When booking the hotel in Patong, the location looked reasonably central on the map. 0.7 miles to the main street and 0.9 miles to the beach doesn’t sound far in theory. However walking for 15 minutes in 35C is a bit like hard work for someone a couple of shades off albino. I can’t complain too much though when most people I know are at work in places where the weather is miserable.
The island of Phuket is extremely touristy and prices reflect this. While hardly expensive, this part of the world can probably not be considered as dirt cheap any more. Possibly the most outrageous price I saw was 288 baht for a foot-long Subway meal. That’s almost £7 for a sandwich. In Thailand and not Norway! The Thai banks also take the Mickey with their ATM charges. 220 baht to withdraw your own money. I’m not sure what the plural of baht is. TripAdvisor is divided between baht and bahts, with plenty of clueless people keen to chime in and presumably guess! It sounds like baht when Thai people speak so that’s what I’ll go with. Anyway that’s over £5 and doesn’t even include what your own bank will additionally sting you for. It’s also 220 baht at every cash machine and I tried a fair few of them! Obviously this must be some sort of coincidence. Far be it for me to imply that such moral institutions would be involved in any sort of collusion or price-fixing! With most money exchanges offering around 99% of the xe.com rate, most people would probably be better off exchanging cash for local currency in Thailand.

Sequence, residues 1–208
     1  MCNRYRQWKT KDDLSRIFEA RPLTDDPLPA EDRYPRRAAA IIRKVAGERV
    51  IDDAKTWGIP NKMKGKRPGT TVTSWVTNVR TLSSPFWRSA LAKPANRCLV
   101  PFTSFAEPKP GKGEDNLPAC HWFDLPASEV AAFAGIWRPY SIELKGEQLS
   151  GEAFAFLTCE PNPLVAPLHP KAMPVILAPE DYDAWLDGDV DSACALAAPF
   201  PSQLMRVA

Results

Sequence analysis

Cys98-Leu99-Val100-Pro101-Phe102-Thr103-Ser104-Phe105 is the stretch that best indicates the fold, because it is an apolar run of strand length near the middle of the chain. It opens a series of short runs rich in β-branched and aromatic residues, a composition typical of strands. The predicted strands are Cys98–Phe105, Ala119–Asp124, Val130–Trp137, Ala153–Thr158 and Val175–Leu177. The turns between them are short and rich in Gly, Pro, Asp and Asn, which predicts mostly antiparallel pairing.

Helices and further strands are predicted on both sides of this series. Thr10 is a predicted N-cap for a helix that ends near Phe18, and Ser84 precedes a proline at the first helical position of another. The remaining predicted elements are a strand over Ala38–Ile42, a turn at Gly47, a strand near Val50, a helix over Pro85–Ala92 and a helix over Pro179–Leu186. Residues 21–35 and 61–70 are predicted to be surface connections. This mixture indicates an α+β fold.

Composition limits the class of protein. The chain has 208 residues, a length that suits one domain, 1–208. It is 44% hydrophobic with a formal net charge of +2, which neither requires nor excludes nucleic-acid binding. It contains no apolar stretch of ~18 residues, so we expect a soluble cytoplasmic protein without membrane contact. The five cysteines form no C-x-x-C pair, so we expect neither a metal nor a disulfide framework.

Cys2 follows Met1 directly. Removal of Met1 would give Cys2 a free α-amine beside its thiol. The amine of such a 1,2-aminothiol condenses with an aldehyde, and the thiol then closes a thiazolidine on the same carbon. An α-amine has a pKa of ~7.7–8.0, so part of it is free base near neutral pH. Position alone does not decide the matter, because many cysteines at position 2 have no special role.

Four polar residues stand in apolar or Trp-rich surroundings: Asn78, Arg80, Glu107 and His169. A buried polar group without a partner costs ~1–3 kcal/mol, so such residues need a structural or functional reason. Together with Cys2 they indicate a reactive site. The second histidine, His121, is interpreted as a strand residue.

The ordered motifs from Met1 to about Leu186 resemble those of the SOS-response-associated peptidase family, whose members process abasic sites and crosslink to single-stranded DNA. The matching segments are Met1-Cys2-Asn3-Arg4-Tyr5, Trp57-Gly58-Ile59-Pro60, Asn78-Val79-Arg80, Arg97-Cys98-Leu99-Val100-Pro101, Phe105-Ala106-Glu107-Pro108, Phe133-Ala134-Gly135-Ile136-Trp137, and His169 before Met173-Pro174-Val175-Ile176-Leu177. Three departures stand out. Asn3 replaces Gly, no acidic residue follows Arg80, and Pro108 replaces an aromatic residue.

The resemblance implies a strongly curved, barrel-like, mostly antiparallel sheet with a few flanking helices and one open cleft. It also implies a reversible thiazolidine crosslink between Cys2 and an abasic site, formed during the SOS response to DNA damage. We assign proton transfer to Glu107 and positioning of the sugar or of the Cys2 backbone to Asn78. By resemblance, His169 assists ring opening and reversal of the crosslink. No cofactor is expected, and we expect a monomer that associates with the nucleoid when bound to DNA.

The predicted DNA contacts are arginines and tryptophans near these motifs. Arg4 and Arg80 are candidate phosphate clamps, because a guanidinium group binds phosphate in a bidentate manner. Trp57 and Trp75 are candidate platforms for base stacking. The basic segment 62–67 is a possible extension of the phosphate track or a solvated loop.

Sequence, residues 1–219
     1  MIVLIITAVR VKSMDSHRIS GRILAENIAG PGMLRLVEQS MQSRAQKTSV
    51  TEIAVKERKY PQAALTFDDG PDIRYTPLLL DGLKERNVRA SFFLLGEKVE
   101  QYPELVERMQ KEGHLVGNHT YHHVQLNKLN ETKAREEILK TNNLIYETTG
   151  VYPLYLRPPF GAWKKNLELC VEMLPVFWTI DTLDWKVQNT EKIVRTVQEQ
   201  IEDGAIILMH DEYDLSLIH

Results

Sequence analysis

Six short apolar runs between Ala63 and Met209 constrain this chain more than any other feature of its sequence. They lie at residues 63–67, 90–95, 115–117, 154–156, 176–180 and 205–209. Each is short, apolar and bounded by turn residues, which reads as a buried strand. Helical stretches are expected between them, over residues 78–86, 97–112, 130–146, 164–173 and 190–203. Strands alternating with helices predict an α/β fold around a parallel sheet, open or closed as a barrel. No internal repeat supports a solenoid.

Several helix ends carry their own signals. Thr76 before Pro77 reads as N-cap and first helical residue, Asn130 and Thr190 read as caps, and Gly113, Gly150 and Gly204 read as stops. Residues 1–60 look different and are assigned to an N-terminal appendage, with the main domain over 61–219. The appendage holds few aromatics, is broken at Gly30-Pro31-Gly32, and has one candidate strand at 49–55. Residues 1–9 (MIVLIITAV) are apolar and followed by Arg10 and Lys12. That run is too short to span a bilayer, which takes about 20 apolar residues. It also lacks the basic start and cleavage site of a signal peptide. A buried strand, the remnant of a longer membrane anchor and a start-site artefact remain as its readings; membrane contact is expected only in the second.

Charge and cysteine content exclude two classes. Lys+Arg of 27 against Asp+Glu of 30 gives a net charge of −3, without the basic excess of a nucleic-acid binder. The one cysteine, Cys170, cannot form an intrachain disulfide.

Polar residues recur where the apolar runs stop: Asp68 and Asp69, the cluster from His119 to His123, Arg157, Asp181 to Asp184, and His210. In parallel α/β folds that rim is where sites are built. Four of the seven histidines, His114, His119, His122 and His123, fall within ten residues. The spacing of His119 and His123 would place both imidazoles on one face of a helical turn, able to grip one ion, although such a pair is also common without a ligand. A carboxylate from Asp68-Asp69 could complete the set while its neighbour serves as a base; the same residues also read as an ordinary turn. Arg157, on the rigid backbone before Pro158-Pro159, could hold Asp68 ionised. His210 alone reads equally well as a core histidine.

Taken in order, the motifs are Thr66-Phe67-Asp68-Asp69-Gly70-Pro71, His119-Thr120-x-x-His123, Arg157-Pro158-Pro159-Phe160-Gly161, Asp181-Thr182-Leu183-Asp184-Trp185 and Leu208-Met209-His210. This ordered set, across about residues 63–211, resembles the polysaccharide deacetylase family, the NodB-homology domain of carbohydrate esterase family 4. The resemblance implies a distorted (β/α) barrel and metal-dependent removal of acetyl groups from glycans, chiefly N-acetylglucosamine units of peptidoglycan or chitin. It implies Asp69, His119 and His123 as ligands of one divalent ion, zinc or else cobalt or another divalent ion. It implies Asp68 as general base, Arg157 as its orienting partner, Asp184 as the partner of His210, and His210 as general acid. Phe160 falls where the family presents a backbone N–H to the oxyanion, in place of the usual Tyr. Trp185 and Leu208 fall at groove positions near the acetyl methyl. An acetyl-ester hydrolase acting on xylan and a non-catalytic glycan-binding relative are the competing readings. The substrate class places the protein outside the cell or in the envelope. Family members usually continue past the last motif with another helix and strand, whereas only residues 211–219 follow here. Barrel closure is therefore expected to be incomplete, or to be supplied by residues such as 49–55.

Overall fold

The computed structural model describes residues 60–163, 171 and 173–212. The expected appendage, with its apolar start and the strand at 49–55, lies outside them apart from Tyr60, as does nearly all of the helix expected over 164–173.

I’d imagined that the Thai islands would be the sort of place where the party never ends and bars eventually closing when the last reveller stumbles out. However this isn’t the case in Patong. Most places advertise a closing time of 1am. I asked someone if this was a new law. They seemed to suggest that this has always been the official closing time but in recent times enforcement has been more rigorous. When I headed home at about 12.45am there didn’t seem to be much sign of anywhere closing so perhaps there’s a bit of leeway.
Patong’s main nightlife street is Bangala Walking Street. This contain an eclectic mixture of establishments. There are bog standard pubs that you find everywhere, bars to pick-up a potential wife and places where goodness knows what goes on behind a curtain. I found a decent bar showing the football, accompanied by a live band. Without wishing to make fun of foreign accents or speech impediments, if a singer struggles to say the word “think” I’m not sure why they’d play Another Day In Paradise by Phil Collins!
There probably won’t be a huge amount of photos in the Phuket section of the blog as there’s only so many pictures of the beach and bars that you can take.